If you have horses, there is a special campground just for you because we know you have different needs than regular campers. And these campsites provide plenty of room for you and your horse as well as room for your horse trailer and RV. The campsites are first-come, first-served so it helps if you get there early during the spring and summer months. There are restrooms available at the campground and you are just a few feet from Horseshoe Creek, where your horse can get a drink or cool off in the water. Pets are also allowed but must be kept on a leash or otherwise restrained at all times.
There is plenty of room around the lake for swimming so be sure you pack the beach and water toys in the RV before heading to the park. If you do not want to swim in the lake, Horseshoe Creek runs all along the eastern edge of the park. If you are interested in floating, the Saline River is a great place to do that on a hot summer day. There are no lifeguards on duty in the park so you will be swimming at your own risk.
Whether you are looking for an easy day of top water fishing in the Glen O. Jones Lake for pan fish or fighting the current bottom fishing with live bait, you can definitely find some big fish here. Catfish, muskie, crappie, bass, and bluegill are plentiful and hungry all year long. Also, there is a trout pond north of the Equestrian Campground where you can try for a trophy trout for your record book. So, don’t forget to pack the fishing poles in the rig.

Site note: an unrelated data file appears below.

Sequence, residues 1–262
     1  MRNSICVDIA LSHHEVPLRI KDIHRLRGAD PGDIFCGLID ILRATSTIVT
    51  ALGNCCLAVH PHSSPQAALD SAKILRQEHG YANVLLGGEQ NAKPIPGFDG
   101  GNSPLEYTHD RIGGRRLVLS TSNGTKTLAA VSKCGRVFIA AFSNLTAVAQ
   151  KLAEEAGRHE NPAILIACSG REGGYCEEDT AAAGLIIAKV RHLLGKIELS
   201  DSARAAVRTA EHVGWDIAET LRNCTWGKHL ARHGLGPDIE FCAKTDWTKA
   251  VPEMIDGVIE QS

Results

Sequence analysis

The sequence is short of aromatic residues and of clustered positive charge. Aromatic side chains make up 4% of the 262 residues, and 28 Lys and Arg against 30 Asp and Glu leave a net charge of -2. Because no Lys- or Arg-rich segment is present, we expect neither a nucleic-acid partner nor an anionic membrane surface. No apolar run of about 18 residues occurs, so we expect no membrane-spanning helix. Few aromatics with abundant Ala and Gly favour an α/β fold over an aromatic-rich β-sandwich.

Hook the boat trailer to the RV or put the kayaks on the boat rack so you can enjoy the entire lake while at the park. There is a boat ramp on the northeast corner of the lake by the concession stand and restrooms. Although there is a 10HP limit on motors, that won’t stop you from getting to the awesome hidey-holes and secluded fishing spots on the lake. And this keeps the water clear and still, which is better for fishing, swimming, and the environment.
You can bring your horse to the park as well and there is a special campground for you to enjoy. The Lake View Trail and Cave Hill Trail are both excellent equestrian trails, but the Lake View Trail is the one that most riders seem to enjoy. It is about five miles and takes you from the horse camp, around the lake, and meanders along Horseshoe Creek. Cave Hill Trail is about three miles and goes through some heavily wooded area.
Saline County State Fish and Wildlife Area is a mix of 1,270 acres of bottomland along the Saline River and hills bordering the Shawnee National Forest. The rugged and rocky area is surrounded by brush areas that give cover to quail and rabbits and the thick forest helps hide the deer, squirrel, and turkey. There is also over a hundred acres of water area to hunt waterfowl and furbearers. Make sure you have your hunting license and tags as well as a windshield card that you can get online.
Gather the family and friends in the RV and head out to Saline County State Fish and Wildlife Area for a picnic. During the off-season you have the park mostly to yourself so you will have your choice of many different picnic areas. There are several near the Sweet Gum Trail and the lake where you will also have access to potable water and restrooms. Each site has a BBQ pit and picnic tables so you can cook up some fish you catch at the lake or bring a picnic lunch.